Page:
January 17, 2022 | HRD | 1 minute read

Bracewell’s Bob Nichols discussed with HRD what’s next in light of the Supreme Court blocking President Joe Biden’s vaccine mandate for private employers.

“Employees who previously lost their jobs or were denied jobs because of mandates that employers decided to impose generally have no recourse,” Nichols told HRD. “The OSHA-required testing was not going to go into effect until Feb. 9, so it didn’t impact anyone. All that really went into effect of substance was this week unvaccinated employees were supposed to be wearing masks.”

Regardless of the Supreme Court decision, private employers of any size have the right to require employees to be fully vaccinated, while allowing medical and religious exemptions. Meanwhile, Nichols stressed that there will still be underlying litigation over the federal mandate, but that based on the ruling, opponents of the mandate are expected to prevail in litigation.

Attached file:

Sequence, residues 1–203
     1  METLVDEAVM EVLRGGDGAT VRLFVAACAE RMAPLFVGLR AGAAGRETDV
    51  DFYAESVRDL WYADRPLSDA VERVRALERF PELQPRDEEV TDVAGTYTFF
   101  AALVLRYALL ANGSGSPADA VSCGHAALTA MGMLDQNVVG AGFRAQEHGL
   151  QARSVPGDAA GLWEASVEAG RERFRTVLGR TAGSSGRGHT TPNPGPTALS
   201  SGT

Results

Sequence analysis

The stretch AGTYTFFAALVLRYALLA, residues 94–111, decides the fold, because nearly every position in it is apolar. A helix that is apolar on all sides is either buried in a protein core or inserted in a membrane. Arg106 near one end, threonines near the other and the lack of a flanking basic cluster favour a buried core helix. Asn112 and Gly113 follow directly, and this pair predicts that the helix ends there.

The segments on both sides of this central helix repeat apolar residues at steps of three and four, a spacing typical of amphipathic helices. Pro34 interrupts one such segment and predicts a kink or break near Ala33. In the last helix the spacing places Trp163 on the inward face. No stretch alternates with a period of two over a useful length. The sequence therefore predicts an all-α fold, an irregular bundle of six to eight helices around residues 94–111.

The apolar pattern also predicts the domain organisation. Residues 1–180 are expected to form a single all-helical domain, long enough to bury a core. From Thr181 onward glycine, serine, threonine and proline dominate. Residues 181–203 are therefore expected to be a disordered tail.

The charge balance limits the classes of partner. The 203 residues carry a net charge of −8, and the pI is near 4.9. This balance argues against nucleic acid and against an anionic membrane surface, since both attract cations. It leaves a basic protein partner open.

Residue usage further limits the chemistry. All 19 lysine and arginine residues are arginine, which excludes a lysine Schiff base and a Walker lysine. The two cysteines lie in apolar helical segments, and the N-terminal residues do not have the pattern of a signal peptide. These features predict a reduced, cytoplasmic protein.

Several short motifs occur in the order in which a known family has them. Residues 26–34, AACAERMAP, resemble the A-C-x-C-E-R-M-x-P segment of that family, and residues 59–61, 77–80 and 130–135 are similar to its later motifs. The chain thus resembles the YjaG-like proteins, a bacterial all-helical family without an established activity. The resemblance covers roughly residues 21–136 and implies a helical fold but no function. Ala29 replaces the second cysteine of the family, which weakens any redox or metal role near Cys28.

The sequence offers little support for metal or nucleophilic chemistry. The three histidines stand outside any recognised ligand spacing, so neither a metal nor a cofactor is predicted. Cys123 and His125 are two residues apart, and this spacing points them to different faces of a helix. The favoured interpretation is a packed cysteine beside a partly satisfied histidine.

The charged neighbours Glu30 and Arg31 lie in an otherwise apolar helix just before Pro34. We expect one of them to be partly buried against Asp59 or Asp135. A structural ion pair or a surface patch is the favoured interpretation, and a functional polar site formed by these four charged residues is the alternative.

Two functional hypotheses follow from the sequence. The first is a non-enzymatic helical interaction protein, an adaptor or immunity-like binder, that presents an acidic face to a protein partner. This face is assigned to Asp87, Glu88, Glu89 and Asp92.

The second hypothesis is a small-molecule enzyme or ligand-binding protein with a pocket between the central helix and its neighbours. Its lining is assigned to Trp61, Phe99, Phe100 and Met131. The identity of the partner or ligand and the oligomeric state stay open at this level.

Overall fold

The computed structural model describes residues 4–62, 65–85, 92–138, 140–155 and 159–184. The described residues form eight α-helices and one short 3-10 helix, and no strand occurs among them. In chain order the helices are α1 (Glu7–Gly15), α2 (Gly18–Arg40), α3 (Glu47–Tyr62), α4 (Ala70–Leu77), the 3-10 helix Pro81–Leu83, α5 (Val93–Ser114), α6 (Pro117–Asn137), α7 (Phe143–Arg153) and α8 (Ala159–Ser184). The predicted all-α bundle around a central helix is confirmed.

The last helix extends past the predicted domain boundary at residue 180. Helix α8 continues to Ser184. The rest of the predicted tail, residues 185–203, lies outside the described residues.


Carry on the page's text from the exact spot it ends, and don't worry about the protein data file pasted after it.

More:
“Employers still need to be concerned about COVID-19,” Nichols said. “They need to adopt appropriate measures to protect their workers and those who enter their businesses. They should still be concerned about infected employees isolating, exposed employees quarantining and doing all the good and safe things that responsible employers should.”

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